They elongated the word “Chinese” for extra emphasis and I remember the fierce burning in my cheeks, embarrassed, but also confused. My family had found veritable proof that we were descendants of a man who boarded the Mayflower and had made it to America in 1602. I didn’t understand why the other children didn’t believe me.

        Later that day, I told my best friend, Maria, of my Mayflower ancestor. As a loyal best friend should behave, she did not taunt or berate me with questions like the others.

        “That’s cool,” she said, but then paused and tilted her head at me with a serious expression, “but they’re not really related to you, like by blood, you know? ‘Cause you’re adopted.”

        It was an honest statement and was not intended to hurt my feelings, but her words rang in my head as I walked home from school. “Adopted.” I had always known that I was adopted, but my adoptive family was the only family I had ever known; I assumed that it was clear I was now part of that lineage, biology and DNA aside. But that day, I became unsure if I had a right to connect myself to my parents’ biological predecessors. Then where did I belong? For the first time, I felt like an immigrant in my own family.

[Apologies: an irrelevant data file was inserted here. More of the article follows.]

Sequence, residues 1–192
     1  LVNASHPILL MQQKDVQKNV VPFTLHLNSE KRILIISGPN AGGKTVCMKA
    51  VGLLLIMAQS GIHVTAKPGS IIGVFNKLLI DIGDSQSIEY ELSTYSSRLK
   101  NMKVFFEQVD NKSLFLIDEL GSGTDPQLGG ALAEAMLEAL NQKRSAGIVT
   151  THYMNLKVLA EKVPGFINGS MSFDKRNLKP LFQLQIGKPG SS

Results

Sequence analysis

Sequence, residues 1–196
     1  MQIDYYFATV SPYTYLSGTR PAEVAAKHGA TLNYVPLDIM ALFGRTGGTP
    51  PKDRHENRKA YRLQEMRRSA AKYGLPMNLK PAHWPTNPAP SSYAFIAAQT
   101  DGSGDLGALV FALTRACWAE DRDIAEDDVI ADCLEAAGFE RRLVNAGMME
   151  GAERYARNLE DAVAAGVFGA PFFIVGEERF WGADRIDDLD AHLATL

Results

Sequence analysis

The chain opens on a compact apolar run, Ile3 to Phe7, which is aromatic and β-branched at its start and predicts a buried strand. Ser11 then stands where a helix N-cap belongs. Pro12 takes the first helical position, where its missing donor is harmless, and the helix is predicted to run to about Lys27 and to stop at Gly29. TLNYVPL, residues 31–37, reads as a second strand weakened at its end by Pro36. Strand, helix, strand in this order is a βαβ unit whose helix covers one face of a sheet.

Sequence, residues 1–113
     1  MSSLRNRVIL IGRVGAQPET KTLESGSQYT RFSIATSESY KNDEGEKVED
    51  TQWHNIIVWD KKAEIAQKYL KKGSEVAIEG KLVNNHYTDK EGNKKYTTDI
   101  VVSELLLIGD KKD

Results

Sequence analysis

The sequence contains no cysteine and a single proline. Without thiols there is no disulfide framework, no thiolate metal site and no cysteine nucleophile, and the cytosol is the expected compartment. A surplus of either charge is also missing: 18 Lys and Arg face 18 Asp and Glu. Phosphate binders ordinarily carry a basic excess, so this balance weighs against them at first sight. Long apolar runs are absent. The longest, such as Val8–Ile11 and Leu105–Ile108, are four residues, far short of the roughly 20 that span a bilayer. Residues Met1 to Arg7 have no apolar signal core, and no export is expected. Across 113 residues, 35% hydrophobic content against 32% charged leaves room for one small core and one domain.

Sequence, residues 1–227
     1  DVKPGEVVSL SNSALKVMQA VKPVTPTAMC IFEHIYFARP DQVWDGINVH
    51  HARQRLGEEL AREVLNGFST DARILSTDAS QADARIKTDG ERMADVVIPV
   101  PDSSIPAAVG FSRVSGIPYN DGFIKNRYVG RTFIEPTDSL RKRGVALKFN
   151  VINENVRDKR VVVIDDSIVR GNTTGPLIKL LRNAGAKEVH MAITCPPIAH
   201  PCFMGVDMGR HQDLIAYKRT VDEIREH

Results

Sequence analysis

Because of the dreaded Mayflower fiasco, I had lost interest in questioning my parents about our lineage for I wasn’t even sure if “our” was supposed to be “their.” I stopped paying attention to what the family had been and decided that, like other immigrants before me, I would forge my own path in the world and write my own history.

When I reached college, I decided to join Leviathan Jewish Journal as an artist and soon was promoted to the position of Art Director. My mother’s family had been Catholic and I had attended Catholic Church all my life. The only experience I had with Judaism was a brief exposure to a dreidel at a friend’s birthday party; there was no particular reason for me to choose Leviathan, but I longed to change my direction to something new.